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Described as a prayer, blessing or incantation, a karakia can be used in many ways to calm the mind. Stacey reflects on the soothing nature of this age-old tradition.

One of the great joys of bringing up our tamariki with Māori as their first language has been making new whānau traditions for ourselves. We had to, really, seeing as neither of us could speak Māori as children and so didn’t have all the associated waiata, lullabies and Mum and Dadisms to follow. I do remember an aunty would say to us as kids “kaua e pēnā” (don’t do it like that), which we all got the gist of, even if we didn’t understand word for word.

Being told off in Māori wasn’t a great association to have with the language, so I’ve always been mindful that loving language in te reo Māori is very important and can have a potent effect on our whānau. One tradition we began for ourselves was a nightly karakia.

Sometimes karakia is translated as prayer or blessing, but I think incantation is the most beautiful interpretation, and it’s relevant to add affirmation as well.

Our kids were not great sleepers when they were little, so a karakia was part of the bedtime routine that supposedly would help them to sleep. So Scotty composed the karakia below (as he has been trained to do) that would calm us all.

It soon got to the point that when we started this karakia, I could hear our tamariki take a deep breath and start to settle (to sometimes start up again shortly after – there is no money-back guarantee on this!) We also added in names, rather than “te whānau” we say Māmā, Pāpa. We name all the kids, and they usually add the kurī (dog) Ziggy too. By the time the kids were about two years old, they knew it off by heart themselves, and they still do it now.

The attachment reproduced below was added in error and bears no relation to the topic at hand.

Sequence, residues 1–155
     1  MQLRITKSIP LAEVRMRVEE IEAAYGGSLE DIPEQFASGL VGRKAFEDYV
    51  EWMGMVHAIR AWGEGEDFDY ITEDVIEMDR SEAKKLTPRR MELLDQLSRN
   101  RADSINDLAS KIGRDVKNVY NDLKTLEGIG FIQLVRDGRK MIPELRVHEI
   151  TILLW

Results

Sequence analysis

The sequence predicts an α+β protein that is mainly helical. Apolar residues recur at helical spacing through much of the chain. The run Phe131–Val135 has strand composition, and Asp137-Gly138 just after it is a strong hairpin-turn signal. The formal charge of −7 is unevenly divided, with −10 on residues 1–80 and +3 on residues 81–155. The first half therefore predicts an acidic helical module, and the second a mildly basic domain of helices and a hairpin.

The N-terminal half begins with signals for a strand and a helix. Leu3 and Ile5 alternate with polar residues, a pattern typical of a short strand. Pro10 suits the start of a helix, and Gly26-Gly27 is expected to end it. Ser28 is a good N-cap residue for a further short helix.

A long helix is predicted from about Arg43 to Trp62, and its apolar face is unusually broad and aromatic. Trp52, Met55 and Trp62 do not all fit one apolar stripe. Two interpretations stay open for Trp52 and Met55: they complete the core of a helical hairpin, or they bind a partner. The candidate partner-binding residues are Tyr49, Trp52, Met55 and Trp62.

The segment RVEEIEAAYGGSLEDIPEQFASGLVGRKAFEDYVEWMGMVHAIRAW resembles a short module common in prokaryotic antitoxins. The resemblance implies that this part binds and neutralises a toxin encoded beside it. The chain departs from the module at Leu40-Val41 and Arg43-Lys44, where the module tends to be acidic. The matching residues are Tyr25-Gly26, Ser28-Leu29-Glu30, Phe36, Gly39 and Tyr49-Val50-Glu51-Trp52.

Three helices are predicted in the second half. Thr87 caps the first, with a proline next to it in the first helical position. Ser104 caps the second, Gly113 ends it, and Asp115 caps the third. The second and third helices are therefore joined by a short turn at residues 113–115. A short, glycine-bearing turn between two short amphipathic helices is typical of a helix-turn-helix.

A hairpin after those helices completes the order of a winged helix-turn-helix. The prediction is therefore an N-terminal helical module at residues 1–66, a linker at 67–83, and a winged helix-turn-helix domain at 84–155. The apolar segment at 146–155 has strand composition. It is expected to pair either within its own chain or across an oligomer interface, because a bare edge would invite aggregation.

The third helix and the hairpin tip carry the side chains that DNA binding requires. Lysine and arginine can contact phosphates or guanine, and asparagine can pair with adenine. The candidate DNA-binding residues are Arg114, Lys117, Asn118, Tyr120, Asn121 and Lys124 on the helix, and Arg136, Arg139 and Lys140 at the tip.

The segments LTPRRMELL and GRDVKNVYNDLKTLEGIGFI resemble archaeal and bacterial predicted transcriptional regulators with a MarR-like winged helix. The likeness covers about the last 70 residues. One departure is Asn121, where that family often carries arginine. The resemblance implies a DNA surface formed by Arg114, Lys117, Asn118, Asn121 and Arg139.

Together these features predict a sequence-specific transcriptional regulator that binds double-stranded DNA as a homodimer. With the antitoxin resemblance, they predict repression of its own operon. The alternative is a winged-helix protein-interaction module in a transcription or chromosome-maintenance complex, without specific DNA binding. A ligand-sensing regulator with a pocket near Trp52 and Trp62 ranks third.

I’ve also heard and seen videos of other kids picking it up. That’s the lovely thing – as we developed our little whānau traditions we shared them, in our books, at wānanga (learning workshops) and hui, in our online community Māori 4 Grown Ups, and on social media. During the first lockdown I shared our karakia on Twitter especially for kids who may have been feeling particularly anxious about Covid-19, and many adults replied that it had helped them too.

That’s the calming power of karakia, that I’ve seen work in many ways, for many people. It’s also become a beautiful print for your wall, thanks to design business Maimoa (@maimoa.creative on Instagram), who kindly asked if they could reproduce this karakia, and others have too.

You’re most welcome to use it in your life, too, for mindful calming, knowing that it comes from my whānau to yours, with much aroha.

Āio ana te rangi – The sky is tranquil

Āio ana te whenua – The earth is still

Āio ana te ao katoa – Everything is calm

Āio ana te moe a te whānau – Our whānau sleeps peacefully

I roto i te māī – Immersed in deep love

Te matihere – affection

Me te māoriori e – and contentment

Kia au, kia au, kia au te moe – Sleep well


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